Saturday, 26 September 2009


Neurogenesis is a term that is used to refer to the birth of neurons in the brain. Neurons are the basic building blocks of the human brain. There are more than 100 billion of these cells in human brain. Each neuron has two or more protrusions called dendrites and axons. It receives inputs and produces outputs signals to enable us to live and interact with our surroundings. It was first established in the 1960s following work done by Dr Pasko Rakic of Yale University. Further research done over the years especially the last decade has shown that neurogenesis occurs throughout adult life.

The study of neurogenesis is important to find improved treatments for mental disorders such as Alzheimer, Huntington, epilepsy and traumatic brain injury.Researches have found that neurogenesis occurs in the hippocampus, an area that is associated with learning and memory, and the olfactory bulb, which is the area responsible for the sense of smell. Research shows that thousands of neurons are produced each day but most of these new cells die within weeks. In order for the neurons to survive it needs support from neighbouring glial cells, nutrients and also connection to other neurons.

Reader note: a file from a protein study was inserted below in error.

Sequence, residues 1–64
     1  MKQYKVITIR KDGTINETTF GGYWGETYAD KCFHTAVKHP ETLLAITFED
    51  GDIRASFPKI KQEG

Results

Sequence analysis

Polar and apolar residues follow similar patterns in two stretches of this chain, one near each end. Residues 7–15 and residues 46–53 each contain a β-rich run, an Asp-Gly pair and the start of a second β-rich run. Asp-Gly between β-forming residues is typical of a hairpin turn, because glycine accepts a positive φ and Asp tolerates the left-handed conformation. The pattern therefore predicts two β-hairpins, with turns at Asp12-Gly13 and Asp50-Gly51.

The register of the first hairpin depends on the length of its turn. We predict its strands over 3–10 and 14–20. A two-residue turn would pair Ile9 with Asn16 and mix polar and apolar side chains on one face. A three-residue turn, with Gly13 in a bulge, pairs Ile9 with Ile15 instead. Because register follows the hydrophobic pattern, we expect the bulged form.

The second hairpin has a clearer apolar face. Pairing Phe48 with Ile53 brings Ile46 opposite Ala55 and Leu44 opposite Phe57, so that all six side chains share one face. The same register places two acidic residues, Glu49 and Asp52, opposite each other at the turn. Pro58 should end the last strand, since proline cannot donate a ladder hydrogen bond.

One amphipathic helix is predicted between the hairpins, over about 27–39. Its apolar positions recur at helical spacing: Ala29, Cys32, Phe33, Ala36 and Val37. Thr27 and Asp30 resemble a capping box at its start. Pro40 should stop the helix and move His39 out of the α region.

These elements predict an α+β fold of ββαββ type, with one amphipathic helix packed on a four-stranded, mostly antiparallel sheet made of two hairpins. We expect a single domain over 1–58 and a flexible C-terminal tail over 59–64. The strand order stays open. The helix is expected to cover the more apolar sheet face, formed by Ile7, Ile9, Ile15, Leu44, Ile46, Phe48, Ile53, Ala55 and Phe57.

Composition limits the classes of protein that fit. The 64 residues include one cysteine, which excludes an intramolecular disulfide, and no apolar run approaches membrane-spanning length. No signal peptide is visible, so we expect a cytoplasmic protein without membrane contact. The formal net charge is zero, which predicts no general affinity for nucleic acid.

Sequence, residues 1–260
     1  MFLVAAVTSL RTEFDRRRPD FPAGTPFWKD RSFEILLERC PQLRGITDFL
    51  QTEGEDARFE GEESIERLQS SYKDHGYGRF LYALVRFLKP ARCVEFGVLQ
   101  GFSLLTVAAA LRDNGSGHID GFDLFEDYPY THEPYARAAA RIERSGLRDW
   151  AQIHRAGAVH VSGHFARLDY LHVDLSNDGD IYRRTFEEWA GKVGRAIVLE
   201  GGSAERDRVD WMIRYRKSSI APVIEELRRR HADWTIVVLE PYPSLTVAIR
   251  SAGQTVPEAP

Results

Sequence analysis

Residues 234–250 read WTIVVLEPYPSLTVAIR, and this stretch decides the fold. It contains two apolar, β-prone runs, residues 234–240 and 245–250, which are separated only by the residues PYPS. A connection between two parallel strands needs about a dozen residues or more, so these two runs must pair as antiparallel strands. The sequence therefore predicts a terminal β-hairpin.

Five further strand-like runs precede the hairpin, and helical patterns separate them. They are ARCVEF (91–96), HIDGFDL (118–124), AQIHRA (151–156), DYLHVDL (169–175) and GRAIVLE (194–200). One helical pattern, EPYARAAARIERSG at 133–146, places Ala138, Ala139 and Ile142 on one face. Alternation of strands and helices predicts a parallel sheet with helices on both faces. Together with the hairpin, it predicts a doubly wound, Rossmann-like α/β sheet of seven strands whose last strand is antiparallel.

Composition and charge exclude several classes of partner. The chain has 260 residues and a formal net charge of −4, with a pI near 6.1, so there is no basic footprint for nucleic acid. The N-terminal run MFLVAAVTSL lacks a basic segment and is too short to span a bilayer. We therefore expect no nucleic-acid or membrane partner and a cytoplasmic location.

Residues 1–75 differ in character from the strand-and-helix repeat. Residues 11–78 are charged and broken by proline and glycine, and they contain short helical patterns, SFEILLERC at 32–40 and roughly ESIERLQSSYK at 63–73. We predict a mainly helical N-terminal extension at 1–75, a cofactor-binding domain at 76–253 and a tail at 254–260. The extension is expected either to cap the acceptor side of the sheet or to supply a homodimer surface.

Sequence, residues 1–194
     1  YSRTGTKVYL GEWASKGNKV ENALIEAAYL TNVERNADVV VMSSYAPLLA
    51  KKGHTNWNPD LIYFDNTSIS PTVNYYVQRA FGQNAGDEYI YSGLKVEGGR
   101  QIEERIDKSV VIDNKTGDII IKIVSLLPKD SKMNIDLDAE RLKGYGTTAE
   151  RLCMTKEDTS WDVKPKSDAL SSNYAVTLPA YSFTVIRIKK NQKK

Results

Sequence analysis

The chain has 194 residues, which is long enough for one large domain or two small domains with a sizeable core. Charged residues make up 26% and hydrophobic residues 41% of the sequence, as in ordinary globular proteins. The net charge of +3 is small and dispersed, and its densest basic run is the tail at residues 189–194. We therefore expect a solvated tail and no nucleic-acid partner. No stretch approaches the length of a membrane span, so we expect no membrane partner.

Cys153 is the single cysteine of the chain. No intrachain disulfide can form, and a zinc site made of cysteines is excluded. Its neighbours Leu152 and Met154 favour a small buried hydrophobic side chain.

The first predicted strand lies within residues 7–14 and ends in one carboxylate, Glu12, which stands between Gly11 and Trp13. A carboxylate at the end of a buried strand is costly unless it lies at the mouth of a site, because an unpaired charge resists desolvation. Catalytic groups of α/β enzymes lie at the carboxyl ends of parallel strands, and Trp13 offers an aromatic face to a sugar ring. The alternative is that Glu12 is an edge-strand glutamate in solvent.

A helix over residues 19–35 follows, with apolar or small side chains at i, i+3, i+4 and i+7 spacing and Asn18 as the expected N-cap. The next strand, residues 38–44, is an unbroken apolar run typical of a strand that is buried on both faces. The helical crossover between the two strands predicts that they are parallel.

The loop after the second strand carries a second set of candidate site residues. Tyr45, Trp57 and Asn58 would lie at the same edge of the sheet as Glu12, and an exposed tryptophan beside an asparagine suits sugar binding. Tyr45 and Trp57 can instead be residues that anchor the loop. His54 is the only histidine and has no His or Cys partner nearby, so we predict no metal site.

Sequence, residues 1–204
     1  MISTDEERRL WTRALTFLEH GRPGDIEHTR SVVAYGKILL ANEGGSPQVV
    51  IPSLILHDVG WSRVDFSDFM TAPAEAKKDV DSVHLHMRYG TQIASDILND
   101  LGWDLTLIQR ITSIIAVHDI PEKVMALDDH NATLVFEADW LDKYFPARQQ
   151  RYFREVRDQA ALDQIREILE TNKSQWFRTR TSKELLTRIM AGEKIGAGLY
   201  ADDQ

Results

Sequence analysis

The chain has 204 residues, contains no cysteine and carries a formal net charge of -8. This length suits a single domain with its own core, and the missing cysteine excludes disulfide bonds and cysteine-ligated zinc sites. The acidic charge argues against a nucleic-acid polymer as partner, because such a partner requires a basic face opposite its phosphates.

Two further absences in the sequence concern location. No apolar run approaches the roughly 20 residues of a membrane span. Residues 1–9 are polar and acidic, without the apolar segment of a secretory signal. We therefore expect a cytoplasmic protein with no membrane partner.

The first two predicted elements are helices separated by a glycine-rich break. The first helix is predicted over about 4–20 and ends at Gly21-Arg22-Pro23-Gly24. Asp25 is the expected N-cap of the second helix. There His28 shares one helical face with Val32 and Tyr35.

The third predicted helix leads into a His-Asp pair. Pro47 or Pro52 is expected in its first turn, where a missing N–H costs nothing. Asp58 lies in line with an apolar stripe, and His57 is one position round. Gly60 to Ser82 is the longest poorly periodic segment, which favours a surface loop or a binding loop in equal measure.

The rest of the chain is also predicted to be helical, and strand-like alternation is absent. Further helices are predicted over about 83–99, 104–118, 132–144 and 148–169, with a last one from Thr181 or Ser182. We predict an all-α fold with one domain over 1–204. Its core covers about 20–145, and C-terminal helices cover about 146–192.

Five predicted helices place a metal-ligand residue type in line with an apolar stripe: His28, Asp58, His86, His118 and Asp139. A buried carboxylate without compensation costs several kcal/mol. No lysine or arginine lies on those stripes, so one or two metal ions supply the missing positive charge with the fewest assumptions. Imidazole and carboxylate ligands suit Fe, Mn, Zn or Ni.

Though there are many questions that unanswered about what actually triggers neurogenesis, scientists have experimental evidence that neurogenesis is enhanced by:

1) Physical exercise

2) Enriched environment

3) Specific types of learning

4) Certain drugs used as antidepressants

Current research is focused on learning about the new neurons’ contributions to the brain’s activities. Neurogenesis though is still an emerging field, thus far has provided insights about degenerative brain diseases.

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